A five-justice Supreme Court panel headed by court President Asher D. Grunis on Tuesday heard the state’s appeal of former prime minister Ehud Olmert’s acquittals in his Jerusalem corruption trial.

Although the Jerusalem District Court convicted Olmert approximately a year ago of breach of public trust in the Investment Affair, he was acquitted of all the more serious charges in the Rishon Tours and Talansky affairs, received no jail time and was fined NIS 75,000. So far, he has not been explicitly prohibited from returning to politics, either.

From the get-go, the court indicated that it was unlikely to reverse Olmert’s acquittal in the Rishon Tours Affair. It urged the state to focus on the Talansky Affair, appearing much more engaged in and asking more questions about that case.

Statistically speaking, appeals are rarely granted, and when a court on appeal indicates less interest in a charge or issue, it is even less likely to grant an appeal on that issue.

While making a variety of arguments for the Supreme Court to reverse the lower court’s acquittals, one of the state’s main messages was that those acquittals and the light sentence for the one conviction had “sent the wrong message to the public.”

The defense and Olmert’s spokesman aggressively rebutted the state’s allegations, stating that “the appeal never should have been filed” and that “the state’s admission that it appealed because the case ended poorly” spoke “1,000 words” and indicated that the state was mostly being a sore loser.

If Olmert’s acquittals stand, and if the Supreme Court does not make a finding of moral turpitude for breach of public trust – the one minor crime for which Olmert was convicted – he will be done with the Rishon Tours and Talansky affairs once and for all.

If he then also emerges clean from the separate and ongoing Holyland trial in Tel Aviv, his path to return to politics after fighting off a myriad of criminal allegations will be clear for the first time in five years.

If the prosecution beats the odds and either convinces the Supreme Court to convict Olmert of a more serious crime or to find him guilty of moral turpitude for the crime of breach of public trust, his political career will be over, at least for another seven years.

There is also an outside shot that the Supreme Court could rule for the state if it feels that the case is “too big to fail” and that a loss could hurt the state’s war against public corruption – something the state indirectly implied by talking about the public receiving “the wrong message.”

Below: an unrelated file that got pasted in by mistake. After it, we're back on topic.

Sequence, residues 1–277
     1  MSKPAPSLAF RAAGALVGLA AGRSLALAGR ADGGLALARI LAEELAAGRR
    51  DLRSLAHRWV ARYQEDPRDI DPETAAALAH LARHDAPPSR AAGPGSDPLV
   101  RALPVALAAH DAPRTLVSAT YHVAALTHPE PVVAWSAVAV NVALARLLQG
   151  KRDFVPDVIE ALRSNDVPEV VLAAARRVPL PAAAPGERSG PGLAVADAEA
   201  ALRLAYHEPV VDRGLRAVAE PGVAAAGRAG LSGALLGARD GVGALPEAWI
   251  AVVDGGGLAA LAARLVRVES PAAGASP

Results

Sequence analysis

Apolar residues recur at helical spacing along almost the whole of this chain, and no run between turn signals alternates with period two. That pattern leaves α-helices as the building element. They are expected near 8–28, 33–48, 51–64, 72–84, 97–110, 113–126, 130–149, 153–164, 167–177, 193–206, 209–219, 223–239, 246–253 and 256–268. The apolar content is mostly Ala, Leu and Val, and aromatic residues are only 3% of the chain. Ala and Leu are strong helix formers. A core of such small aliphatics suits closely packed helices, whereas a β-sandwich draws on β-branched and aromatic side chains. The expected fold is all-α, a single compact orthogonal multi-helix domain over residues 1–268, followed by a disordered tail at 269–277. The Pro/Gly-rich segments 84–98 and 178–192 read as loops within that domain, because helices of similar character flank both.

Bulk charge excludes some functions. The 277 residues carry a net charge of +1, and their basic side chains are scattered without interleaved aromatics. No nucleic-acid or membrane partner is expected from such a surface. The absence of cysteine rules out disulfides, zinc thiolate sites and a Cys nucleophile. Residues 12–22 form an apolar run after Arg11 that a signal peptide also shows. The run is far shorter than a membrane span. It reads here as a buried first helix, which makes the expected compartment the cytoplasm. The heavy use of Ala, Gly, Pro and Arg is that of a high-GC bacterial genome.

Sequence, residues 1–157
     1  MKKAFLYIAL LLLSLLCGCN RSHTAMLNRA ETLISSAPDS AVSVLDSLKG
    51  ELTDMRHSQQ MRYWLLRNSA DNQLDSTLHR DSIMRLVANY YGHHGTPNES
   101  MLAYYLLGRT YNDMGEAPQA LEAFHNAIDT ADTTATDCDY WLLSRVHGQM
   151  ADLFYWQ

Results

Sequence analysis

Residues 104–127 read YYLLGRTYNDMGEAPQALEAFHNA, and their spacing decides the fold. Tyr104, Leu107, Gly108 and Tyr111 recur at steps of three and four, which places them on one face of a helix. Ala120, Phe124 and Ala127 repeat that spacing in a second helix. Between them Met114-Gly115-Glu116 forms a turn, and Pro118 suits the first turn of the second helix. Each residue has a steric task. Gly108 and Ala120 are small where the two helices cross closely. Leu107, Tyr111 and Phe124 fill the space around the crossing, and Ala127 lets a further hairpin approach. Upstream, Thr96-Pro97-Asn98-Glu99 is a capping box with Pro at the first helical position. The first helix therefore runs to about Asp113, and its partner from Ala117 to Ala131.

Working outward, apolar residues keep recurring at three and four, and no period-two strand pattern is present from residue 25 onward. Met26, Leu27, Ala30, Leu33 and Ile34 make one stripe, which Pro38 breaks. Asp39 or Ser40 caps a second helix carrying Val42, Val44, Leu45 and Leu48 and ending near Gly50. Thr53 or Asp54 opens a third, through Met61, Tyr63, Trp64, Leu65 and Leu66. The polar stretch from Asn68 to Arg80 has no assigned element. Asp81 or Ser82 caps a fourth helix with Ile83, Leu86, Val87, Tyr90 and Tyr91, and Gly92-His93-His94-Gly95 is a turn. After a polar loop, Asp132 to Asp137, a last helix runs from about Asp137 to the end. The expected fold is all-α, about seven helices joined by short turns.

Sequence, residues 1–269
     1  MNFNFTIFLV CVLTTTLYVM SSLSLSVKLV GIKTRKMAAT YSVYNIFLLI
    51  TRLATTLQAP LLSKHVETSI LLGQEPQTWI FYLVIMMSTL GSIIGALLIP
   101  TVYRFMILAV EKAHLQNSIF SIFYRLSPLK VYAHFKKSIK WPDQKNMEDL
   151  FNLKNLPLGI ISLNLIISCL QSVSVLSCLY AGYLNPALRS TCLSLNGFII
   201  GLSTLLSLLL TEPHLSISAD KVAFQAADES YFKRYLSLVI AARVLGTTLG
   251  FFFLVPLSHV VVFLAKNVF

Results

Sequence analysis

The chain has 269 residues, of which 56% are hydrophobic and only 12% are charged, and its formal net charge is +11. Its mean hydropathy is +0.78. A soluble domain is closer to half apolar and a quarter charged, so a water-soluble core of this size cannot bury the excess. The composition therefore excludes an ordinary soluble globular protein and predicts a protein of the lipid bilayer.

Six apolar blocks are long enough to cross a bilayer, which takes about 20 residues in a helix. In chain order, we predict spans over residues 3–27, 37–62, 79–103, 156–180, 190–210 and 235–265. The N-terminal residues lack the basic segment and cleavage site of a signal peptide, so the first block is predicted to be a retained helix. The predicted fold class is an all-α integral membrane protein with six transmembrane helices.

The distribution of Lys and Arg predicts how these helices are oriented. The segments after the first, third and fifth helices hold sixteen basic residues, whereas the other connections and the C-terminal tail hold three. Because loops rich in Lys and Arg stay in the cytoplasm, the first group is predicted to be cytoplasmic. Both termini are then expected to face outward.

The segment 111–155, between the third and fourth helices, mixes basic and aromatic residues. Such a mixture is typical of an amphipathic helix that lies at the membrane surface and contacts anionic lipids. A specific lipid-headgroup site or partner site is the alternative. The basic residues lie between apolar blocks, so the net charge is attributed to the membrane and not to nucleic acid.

Broadly speaking, the state said the lower court had failed to “see the forest for the trees” in its legal conclusions.

The state said that the lower court’s individual conclusions were often sound, and individual acts of alleged corruption might not prove Olmert’s alleged criminal intent and the state’s case, but that the court had unnaturally separated the facts as if analyzing them in a vacuum.

According to the state, this was a mistake, as it meant the lower court had failed to look at the overall context and picture that Olmert’s actions had painted.

At one point, the court pressed the state, appearing somewhat indignant as it asked rhetorically, “Are you saying that any public official who receives funds from a private citizen has committed breach of public trust?” The state essentially said “yes,” while trying to show that Olmert’s case was “more serious since he was a minister” when Talansky gave him funds, and “not just any public servant.”

After the court surprisingly forced the prosecutors to wrap up their arguments in just three hours – they had told The Jerusalem Post beforehand that they planned to argue for seven to eight hours – it was Olmert’s attorneys’ turn to argue that the earlier acquittals should stand and that he should be permitted to reenter public life.

In their initial remarks, Olmert’s lawyers said that Moshe Talansky, the US businessman who allegedly gave Olmert cashstuffed envelopes in exchange for favors, had done so for “Zionist” motives rather than for any personal gain.

They said Talansky had received no public positions and had no business in Israel in over a decade of making what they called “political” donations – clarifying that his motives were pure and not for any kind of quid pro quo.

They dismissed evidence that the state had raised regarding a single telephone call and a single letter which, after over a decade of donations, Olmert had undertaken on Talansky’s behalf, recommending Talansky for various business propositions.

The defense stated that these were examples of mere recommendations, not of Olmert specifically using his power as a public servant to help Talansky.

They added that they were under no obligation to prove Olmert’s innocence, since it was the prosecution that was legally obligated to bear the burden and convince the court.

Following the state’s argument that the same logic the district court had used in the Investment Affair should have led it to convict Olmert in the other affairs, the defense responded that the state’s selective acceptance of the lower court’s rulings in its favor and rejection of the rulings it disliked made no sense.

The justices did press the defense at times regarding the Talansky Affair, questioning Olmert’s attorneys about whether the former prime minister had viable explanations for his failure to report to the state comptroller his receipt of certain cash funds, as well as other irregularities, despite the defense’s contention that the funds were legal political contributions stemming from a Zionist ideology.

The arguments will continue on Thursday.




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